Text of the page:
The Olympics are coming to town, and it’s a really big deal. Olympic signs and advertisements are everywhere. This count-down clock is on the front of the National Museum at Tiananmen Square (sadly, closed for renovations at present). Yes, I’m wearing a shirt that says “Australia” on it. Just trying to mess with the locals.

These Olympic characters were a common sight.

The national “bird’s nest” stadium appears to still be under construction. Must be a good time to be a builder in Beijing…

We went several times to Tiananmen square. I said in the other post that it is huge, and it really is. It’s the largest city square I’ve ever seen, by far. Think of the biggest city square you know and double it a few times and you’ve probably got the right idea.

Looking across the square at the national museum and its infestation of cranes.

Monument in the middle of the square.

Tiananmen at night.

The gate of Heavenly Peace, at the end of the square before the Forbidden City. Can you find me? There’s a convenient arrow pointed at my head.

I really enjoyed Beijing. I was expecting to feel a lot of culture shock, but I didn’t feel much. Perhaps spending time with a Chinese girl for a couple of years helped in that regard. Also, because Shengrong spoke the language and knew her way around, I didn’t really feel the sense of being cut off from people that sometimes goes along with foreign travel. One thing I didn’t really get a sense of was how many people spoke English. There are lots of English signs in Beijing, English announcements on the busses, etc, but while it is clear that some people know a few words, it was hard to get a sense of the extent of it. The only part of China I really navigated on my own were the airports when heading back to Canada, and that was pretty easy.

Another thing I was expecting to be more of a shock was the food. After the first couple of days I got quite used to it. Nothing ever really upset my stomach, and I got a lot better with chopsticks after using them every meal for two weeks. The only negative effect was that now that I’m home, the food I normally cook for myself seems a bit pedestrian. I’ll talk more about food later on. We ate a few “interesting” things…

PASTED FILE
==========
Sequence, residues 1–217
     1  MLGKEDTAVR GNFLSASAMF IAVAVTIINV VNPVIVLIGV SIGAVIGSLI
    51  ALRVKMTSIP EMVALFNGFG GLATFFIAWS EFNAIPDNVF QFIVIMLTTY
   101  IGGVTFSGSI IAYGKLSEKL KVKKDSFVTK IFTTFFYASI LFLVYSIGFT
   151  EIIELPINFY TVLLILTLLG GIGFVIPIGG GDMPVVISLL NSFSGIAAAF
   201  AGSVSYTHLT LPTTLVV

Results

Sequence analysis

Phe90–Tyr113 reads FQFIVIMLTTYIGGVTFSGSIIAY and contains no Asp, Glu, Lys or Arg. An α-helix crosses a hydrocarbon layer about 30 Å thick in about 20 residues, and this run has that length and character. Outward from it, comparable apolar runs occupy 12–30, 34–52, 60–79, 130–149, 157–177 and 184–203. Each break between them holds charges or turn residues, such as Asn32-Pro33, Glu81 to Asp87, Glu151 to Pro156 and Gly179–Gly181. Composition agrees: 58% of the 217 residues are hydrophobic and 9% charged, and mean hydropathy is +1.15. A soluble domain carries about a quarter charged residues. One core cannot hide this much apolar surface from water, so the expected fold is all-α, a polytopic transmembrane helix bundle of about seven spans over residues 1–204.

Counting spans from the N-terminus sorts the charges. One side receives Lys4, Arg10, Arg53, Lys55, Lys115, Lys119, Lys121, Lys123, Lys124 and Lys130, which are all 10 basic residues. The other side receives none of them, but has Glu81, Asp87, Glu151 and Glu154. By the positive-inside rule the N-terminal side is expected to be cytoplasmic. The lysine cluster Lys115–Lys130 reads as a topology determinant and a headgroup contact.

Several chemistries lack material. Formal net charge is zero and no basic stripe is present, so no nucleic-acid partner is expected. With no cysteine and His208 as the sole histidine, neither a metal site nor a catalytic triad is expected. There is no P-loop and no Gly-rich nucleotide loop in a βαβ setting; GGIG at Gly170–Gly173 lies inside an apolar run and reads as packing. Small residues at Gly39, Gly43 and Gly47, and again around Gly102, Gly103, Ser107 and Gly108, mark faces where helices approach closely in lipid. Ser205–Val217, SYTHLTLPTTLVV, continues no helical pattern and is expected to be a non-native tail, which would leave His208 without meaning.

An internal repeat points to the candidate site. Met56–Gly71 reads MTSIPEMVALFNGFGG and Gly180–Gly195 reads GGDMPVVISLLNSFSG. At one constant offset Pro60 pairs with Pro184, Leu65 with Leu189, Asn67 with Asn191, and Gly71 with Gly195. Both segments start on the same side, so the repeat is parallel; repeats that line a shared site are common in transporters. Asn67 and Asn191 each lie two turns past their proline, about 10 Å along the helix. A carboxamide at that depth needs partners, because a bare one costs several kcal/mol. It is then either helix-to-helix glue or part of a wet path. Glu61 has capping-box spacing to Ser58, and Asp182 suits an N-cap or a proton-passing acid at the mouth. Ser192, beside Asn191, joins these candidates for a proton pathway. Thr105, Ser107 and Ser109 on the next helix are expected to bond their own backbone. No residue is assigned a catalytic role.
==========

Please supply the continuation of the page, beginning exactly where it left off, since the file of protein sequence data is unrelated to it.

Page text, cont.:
Photos and Travel16 Jun 2008

I’ve just come back from China. It was a fantastic two-week trip to Beijing and Wuhan. I’ll relate more about it in subsequent communications; for now, here are some of our photos.

As photographed from the plane on the flight over: a very large mountain in Alaska? Russia? I’m not entirely sure where we were at that point.

Meteor impact crater?

Beijing, at the gate of the Forbidden City.

Detail from the Nine Dragon Screen in the Forbidden City.

Inside the Forbidden City. There is reconstruction work going on, as you can see.

Mao’s tomb, in Tian’anmen square. Tian’anmen is absolutely huge – I don’t think it’s possible to take a photo that does it justice. Of course, as I quickly learned, everything in China is huge…

Even the ducks! Okay, not really. This is outside a restaurant just off Tian’anmen where we ate Beijing Duck. Which I must say I really liked.

As if the Forbidden City wasn’t enough, the Emperor also had a posh summer palace with extensive gardens.

Tower of Buddhist Incense, inside the royal gardens.

There were a surprising number of English signs, especially in Beijing. Most were much better translated than this one. Waiter, there’s Shanghai in my soup…

They always talk about “climbing” the great wall. I understand why now: they built the gigantic thing on top of mountains wherever they could.

The view from the Great Wall, looking the other way. China is hosting the Olympics this year, maybe you heard…?

East Lake in Wuhan.

A very large number of turtles at a Buddhist Temple in Wuhan.

Wuhan traffic goes from bad to worse, with the Yangtze river bridge in the background.

Lastly, Wuhan’s famous Yellow Crane Tower – one of the top four towers in all of China.